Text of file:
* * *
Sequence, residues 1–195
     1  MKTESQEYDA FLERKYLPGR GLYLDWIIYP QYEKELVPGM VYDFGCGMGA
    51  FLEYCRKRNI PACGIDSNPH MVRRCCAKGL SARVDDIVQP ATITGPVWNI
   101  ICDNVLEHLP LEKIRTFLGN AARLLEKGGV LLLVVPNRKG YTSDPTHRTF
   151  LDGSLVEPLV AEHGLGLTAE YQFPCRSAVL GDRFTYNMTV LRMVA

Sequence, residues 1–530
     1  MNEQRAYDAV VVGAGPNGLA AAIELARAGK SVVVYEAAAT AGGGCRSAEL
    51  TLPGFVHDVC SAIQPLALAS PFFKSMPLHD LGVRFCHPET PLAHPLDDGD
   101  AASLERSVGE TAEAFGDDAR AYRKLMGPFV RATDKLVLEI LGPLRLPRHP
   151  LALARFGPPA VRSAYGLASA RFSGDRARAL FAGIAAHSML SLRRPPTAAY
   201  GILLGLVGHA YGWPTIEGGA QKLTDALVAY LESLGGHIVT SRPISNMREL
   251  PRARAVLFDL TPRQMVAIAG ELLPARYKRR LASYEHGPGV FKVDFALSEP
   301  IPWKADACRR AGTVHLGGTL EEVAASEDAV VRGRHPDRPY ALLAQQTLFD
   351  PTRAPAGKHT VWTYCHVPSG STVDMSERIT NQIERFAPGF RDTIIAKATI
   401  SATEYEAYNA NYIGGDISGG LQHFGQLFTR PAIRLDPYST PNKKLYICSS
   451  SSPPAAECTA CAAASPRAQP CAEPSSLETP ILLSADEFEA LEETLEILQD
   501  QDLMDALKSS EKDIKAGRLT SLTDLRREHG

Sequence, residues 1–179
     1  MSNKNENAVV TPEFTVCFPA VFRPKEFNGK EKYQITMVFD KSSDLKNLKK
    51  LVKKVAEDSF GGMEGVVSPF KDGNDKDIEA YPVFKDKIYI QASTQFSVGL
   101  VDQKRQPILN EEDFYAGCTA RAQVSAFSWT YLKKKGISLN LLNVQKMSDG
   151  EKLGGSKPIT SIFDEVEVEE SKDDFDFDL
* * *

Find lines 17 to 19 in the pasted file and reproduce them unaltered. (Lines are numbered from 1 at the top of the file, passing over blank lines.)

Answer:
   501  QDLMDALKSS EKDIKAGRLT SLTDLRREHG

Sequence, residues 1–179
     1  MSNKNENAVV TPEFTVCFPA VFRPKEFNGK EKYQITMVFD KSSDLKNLKK